Dr. Renee Myers, a psychological consultative examiner, conducted an evaluation of
Plaintiff on May 20, 2011. (R. 397-400). Dr. Myers’ assessment included: (1) major depression,
recurrent; (2) cluster B personality features; and (3) a GAF score of 60. (R. 400). However, Dr.
Myers concluded that Plaintiff had been able to work despite these issues in the past, and
concluded her left hand was the primary factor affecting her ability to work. (R. 400).
Dr. Ledet, a physical consultative examiner for the Alabama disability office, found that
Plaintiff was positive for a previous history of stroke during an examination dated May 21, 2011.
(R. 402-04). Additionally, Dr. Ledet noted that Plaintiff’s left-hand grip strength was weaker
than her right hand, measuring at 3/5. (R. 405). As indicated in a Disability Report, Plaintiff
reported that the issue with her hand had progressively gotten worse over time, and claimed that
she “can’t hold anything anymore.” (R. 235).
Dr. Robert Heilpern conducted a physical residual functional capacity (“RFC”)
assessment of Plaintiff on June 24, 2011. (R. 424-31). Dr. Heilpern’s primary diagnosis was
remote subacute infarcts of the right brain, with a secondary diagnosis of hypertension. (R. 424).
Dr. Heilpern found that Plaintiff could sit or stand for six hours in a typical workday. (R. 425).
Dr. Heilpern concluded that Plaintiff’s allegations of problems with lifting, completing tasks, and
using her hands were only partially credible. (R. 429). But Dr. Heilpern noted that Plaintiff’s
limitations prevented her from ever climbing a ladder and that she should only occasionally be
required to crawl. (R. 426). Dr. Heilpern further noted that Plaintiff was limited in gross
manipulation and fine manipulation with her hands, but was only limited with her left hand. (R.
427). Plaintiff’s grip strength was measured at 5/5 with her right hand, and 3/5 with her left
hand. (R. 427). Dr. Heilpern noted that Plaintiff had difficulty picking up small objects and
buttoning garments with her left hand, but reported that sensation was intact. (R. 427).
Dr. Robert Estock conducted a mental RFC assessment on Plaintiff the same day. (R.
432-35). Dr. Estock evaluated Plaintiff in the areas of understanding and memory, sustained
concentration and persistence, social interaction, and adaptation. Dr. Estock concluded that
Plaintiff had moderate limitations in ten out of twenty mental activities. (R. 432-33). Dr. Estock
further concluded that Plaintiff had no significant limitations in the other ten mental activities.
(R. 432-33). Dr. Estock’s functional capacity assessment was that Plaintiff could understand and
remember simple instructions, and could attend and concentrate on simple tasks for two hour
periods during a regular work day. (R. 434). Dr. Estock noted that Plaintiff may miss one to
two days per month due to symptoms of major depressive disorder, could have casual contact
with the public, and that workplace changes should be infrequent and gradually introduced. (R.
Plaintiff was hospitalized again at SMH in September 2012. She presented with chest
pain and headaches as her main complaints. (R. 468). Plaintiff was diagnosed with anemia. (R.
468). The physician who evaluated Plaintiff, Dr. Muzamil Babiker, concluded that Plaintiff’s
anemia was most likely caused by her previous gastric bypass surgery. (R. 471). Plaintiff had a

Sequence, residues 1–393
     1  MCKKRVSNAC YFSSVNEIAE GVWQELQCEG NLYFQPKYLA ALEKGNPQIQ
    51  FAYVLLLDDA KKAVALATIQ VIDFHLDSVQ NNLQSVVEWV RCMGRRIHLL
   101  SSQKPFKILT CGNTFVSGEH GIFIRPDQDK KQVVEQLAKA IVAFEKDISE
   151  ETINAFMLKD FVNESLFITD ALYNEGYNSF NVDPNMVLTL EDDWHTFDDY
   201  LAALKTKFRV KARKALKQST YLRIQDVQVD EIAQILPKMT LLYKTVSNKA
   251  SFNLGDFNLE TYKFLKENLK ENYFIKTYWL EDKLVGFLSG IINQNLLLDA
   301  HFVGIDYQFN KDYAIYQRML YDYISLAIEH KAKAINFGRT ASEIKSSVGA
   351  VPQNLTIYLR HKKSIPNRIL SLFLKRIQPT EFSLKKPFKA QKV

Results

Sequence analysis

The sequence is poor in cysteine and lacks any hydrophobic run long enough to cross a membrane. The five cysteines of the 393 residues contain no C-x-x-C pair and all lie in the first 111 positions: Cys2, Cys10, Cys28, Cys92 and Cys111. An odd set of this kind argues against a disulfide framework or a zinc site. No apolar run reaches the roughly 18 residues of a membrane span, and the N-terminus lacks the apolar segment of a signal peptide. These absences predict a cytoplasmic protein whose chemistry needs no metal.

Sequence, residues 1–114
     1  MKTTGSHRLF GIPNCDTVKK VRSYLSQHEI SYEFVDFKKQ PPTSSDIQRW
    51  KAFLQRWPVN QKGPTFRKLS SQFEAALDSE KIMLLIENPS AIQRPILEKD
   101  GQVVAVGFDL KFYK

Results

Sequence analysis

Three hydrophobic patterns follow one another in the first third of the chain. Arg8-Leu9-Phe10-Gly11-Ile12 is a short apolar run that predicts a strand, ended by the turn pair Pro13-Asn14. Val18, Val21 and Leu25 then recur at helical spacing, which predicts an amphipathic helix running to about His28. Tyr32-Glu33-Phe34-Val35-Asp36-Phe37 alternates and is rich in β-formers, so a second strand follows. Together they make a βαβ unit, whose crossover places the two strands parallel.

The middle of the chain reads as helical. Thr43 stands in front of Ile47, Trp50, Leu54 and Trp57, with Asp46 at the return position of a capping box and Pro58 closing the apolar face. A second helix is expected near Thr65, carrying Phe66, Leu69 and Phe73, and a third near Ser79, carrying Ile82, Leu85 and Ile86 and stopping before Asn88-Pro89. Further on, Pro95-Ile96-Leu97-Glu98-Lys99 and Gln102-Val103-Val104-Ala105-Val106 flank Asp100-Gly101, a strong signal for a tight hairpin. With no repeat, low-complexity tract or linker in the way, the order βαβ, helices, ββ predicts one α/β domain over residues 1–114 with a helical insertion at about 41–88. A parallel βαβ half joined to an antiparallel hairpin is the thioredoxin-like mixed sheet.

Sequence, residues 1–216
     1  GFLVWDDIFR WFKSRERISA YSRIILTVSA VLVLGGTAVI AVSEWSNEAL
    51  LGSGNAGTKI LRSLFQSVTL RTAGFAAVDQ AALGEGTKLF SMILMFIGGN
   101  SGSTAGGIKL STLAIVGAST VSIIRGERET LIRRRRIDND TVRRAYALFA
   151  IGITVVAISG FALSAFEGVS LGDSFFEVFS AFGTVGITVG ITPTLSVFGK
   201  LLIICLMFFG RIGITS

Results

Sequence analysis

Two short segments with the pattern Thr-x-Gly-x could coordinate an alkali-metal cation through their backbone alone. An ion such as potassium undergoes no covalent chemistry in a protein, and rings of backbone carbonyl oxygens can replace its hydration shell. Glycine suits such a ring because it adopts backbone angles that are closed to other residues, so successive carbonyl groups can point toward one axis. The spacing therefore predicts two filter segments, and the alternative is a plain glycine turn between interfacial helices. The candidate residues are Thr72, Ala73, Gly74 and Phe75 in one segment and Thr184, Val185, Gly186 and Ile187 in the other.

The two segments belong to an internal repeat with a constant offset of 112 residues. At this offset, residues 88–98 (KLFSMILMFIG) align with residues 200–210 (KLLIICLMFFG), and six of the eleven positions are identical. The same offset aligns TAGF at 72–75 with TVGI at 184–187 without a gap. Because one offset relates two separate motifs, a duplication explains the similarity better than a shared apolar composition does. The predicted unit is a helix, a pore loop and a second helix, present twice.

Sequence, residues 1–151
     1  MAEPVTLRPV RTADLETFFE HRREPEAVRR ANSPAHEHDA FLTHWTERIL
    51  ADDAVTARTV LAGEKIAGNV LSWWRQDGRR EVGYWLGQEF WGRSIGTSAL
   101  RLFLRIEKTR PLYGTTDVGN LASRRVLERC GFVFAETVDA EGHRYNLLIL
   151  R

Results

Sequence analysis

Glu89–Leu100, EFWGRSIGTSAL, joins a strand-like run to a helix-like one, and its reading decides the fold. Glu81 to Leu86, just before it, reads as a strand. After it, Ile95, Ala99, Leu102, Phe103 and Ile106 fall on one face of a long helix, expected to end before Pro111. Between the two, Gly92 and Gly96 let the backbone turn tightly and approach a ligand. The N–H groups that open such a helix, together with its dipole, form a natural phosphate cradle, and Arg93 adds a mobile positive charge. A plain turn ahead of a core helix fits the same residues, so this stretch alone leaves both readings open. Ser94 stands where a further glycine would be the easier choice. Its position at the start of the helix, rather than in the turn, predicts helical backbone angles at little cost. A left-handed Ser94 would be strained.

CT scan performed while hospitalized at SMH, with findings consistent with old strokes. (R.
Plaintiff also had an MRI and MRA performed, with findings that were fairly
unremarkable. (R. 468). Dr. Babiker noted that Plaintiff was not taking any medication at the
time of hospitalization. (R. 468). The discharge diagnoses included persistent headache, a
history of cerebrovascular accident, hypertension, and deficiencies in iron and vitamin B12. (R.
Upon discharge, Plaintiff received prescriptions for B12 pills, iron, blood pressure
medication, and Fioricet for her headaches. (R. 468).
In treatment notes from Plaintiff’s September 2012 hospitalization at SMH, Dr. Babiker
noted that Plaintiff resided in rehabilitation. (R. 468). Plaintiff stated during the hearing that the
Fioricet was effective at treating her headaches, but that she had not taken the medication while
in rehab because the facility prohibited its usage. (R. 44-45). Plaintiff indicated that she would
be willing to continue treatment of her headaches with Fioricet after she was released from the
rehab facility. (R. 44, 45).
During the hearing, Dr. Michael McClanahan testified as the vocational expert (“VE”).
(R. 55-64). The VE classified Plaintiff’s past work as server, short order cook, payroll clerk, and
receptionist. (R. 56-57). The VE stated that Plaintiff would be unable to find employment in her
former capacity in those four job areas. (R. 58). However, the VE testified that there would be
other jobs available to Plaintiff, which included employment as a stock checker, bakery worker,
or hand presser. (R. 58-61). Thus, while finding that Plaintiff would not be able to engage in her
past relevant work, the ALJ found that there were significant numbers of jobs available that
Plaintiff would be able to perform. (R. 20-21). Based on this testimony, the ALJ concluded that
Plaintiff was not disabled because she would be able to successfully find work in other areas of
employment. (R. 21).
Disability under the Act is determined under a five-step test. 20 C.F.R. § 404.1520.
First, the ALJ must determine whether the claimant is engaging in substantial gainful activity.
20 C.F.R. § 404.1520(a)(4)(i). “Substantial work activity” is work activity that involves doing
significant physical or mental activities. 20 C.F.R. § 404.1572(a). “Gainful work activity” is
work that is done for pay or profit. 20 C.F.R. § 404.1572(b). If the ALJ finds that the claimant
engages in substantial gainful activity, then the claimant cannot claim disability. 20 C.F.R. §